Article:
Robert Thompson, Trustee Professor and director of the Bleier Center for Television and Popular Culture in the Newhouse School, was quoted in the USA Today story “What’s next for Megyn Kelly? Experts say the options are limited.”
SU Fellow exhibits video artwork at Whitney Museum
SU Fellow exhibits video artwork at Whitney MuseumJune 03, 2003Judy Holmesjlholmes@syr.edu
Robyn Tomlin’s video art has been projected on one of the world’s largest outdoor screens in the heart of Tokyo and on the walls of a small restaurant in Syracuse’s Armory Square. Three weeks ago, Tomlin’s latest video art-“I-candy” and “Candle Chandelier”-graced the main entrance and courtyard of the Whitney Museum of American Art in New York City as part of the 4th Annual “Madison Avenue: Where Fashion Meets Art” extravaganza, held May 5-17.
A Fellow in Syracuse University’s School of Art and Design, College of Visual and Performing Arts, Tomlin believes that projected video art can enhance the architectural and interior design of any structure. “Video art is a superb, often overlooked medium that can be used as part of architectural design and help create public spaces with unique atmospheres,” she says. The video art she displayed at the Whitney was incorporated into the interior design setting created by Tsao and McKown Architects for a benefit event held at the museum on May 8.
“I-candy” was a six-foot-long projected multi-colored eye that followed the guests; the eye was decorated in a new way each time it blinked. “Candle Chandelier” was projected upwards in a nearby courtyard. The image, which was created from projected candles, slowly transformed into different kinds of chandeliers.
Tomlin began working with video about five years ago and is using her University Fellowship to hone her skills and to experiment with the form. “I love the light,” she says of the art form. In addition to walls, dimensional screens and metals, she has projected her video art into a sink. One of her goals is to create a video pond, reminiscent of a Japanese garden, by projecting images into two inches of water. Her art themes are heavily influenced by nature and by the 13 years she spent living and working in Tokyo.
A native of Canada, Tomlin moved to Tokyo shortly after graduating from the University of Victoria in British Columbia in 1988 with a degree in psychology. Her goal was to earn enough money to pay off her student loans by teaching English as a second language. Within two years, she established a successful business designing corporate English language classes. She eventually sold the business, spent a year traveling around the world, and then moved to the remote Canadian wilderness, where she and her former husband built a log cabin from hand-hewn logs and lived off the land-hunted, fished and grew their own food-for a year.
Her initial foray into video art began after she emerged from her wilderness cabin and returned to Tokyo. She took a class to learn to use a video camera to create documentaries. Her student documentary earned an award and was screened at a government-sponsored symposium. It was the boost that launched her into a totally new career. Over the next few years, she produced two documentaries for Japanese public television and a weekly program, called “Robyn’s Report,” for a local cable station. She worked as a freelance camerawoman and video director for Coca-Cola Japan and Adidas Japan, and as a freelance video journalist for Asia Press International.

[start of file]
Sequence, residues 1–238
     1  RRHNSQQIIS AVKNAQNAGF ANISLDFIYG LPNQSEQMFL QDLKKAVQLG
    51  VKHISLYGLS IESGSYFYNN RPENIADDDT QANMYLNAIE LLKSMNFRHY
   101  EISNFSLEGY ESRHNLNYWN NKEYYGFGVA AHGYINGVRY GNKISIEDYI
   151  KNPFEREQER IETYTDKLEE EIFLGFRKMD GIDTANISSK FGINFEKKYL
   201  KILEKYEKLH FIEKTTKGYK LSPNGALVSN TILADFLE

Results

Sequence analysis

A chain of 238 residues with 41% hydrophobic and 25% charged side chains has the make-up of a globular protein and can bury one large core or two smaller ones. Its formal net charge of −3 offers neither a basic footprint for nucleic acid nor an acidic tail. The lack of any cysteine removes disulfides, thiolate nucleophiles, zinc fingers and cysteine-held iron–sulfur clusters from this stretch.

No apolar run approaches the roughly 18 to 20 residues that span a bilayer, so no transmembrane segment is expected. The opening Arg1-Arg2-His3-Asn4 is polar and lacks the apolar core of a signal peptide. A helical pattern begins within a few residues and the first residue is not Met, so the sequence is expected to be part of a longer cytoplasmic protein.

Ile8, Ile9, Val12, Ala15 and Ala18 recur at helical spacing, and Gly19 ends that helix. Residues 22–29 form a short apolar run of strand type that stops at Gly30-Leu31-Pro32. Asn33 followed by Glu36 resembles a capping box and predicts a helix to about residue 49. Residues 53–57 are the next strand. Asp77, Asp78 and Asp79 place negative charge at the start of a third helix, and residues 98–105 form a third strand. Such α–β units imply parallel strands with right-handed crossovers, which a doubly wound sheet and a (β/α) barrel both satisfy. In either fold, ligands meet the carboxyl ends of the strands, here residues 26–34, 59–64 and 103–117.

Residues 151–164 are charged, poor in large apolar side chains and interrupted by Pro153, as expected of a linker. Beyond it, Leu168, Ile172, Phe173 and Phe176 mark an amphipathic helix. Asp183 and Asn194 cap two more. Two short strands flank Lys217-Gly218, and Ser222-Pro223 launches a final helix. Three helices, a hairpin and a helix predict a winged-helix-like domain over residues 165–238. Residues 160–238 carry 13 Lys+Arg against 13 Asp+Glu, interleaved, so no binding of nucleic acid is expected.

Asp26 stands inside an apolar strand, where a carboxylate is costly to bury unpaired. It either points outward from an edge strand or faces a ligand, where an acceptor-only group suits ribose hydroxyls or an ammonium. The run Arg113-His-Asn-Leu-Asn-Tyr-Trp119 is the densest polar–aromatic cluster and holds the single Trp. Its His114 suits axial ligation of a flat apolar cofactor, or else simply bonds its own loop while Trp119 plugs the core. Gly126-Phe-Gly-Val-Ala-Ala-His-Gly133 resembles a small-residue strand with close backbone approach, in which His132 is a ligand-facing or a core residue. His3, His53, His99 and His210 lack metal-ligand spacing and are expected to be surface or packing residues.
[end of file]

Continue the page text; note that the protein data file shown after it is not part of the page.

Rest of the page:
She also began to experiment with video art. In 1998, she convinced an advertising company to promote “one minute of silence and beauty” in the form of video art on the five-story, outdoor screen near a Tokyo subway station.
“People are bombarded with sounds and images from this inescapable, huge advertising screen 24 hours a day,” Tomlin says. “I told the company’s representatives that they were turning the heart of Tokyo into an ugly place. Rather than bombard people with constant noise, the company had a social responsibility to give people one minute of beauty.”
The company agreed to a trial run of one minute of art video every hour. Tomlin supplied the company with her work and the work she solicited from other video artists. The program became permanent and continues today under the name of Gallery-Q. Two years ago, she decided to pursue a graduate degree in fine arts and was offered a Fellowship at SU. Since arriving in Syracuse, she has exhibited her work at the New York State Historical Association in Cooperstown; in the CNY Visual Artists Showcase, hosted by WCNY; at the Woman Made Gallery in Chicago; the Spark Gallery in Syracuse; and at the Ford Gallery on the Eastern Michigan University campus.
A year ago, she was selected to exhibit her video art-“Nice Girls Don’t Swear,” which is projected into a bright red fiberglass sink, and “Digital Frankenstein”-in the Everson Museum of Art’s 2002 Biennial in which she was awarded the distinguished “Best of Show.” Judging the show was Raina Lampkins-Fielder, associate director for education at the Whitney Museum of American Art. Tomlin is now preparing for a solo exhibition at the Everson that is scheduled to open in mid-September.
“When I started making my art in Tokyo, I really had no idea where I fit in as an artist,” Tomlin says. “I was just following my inner compass. It felt right.”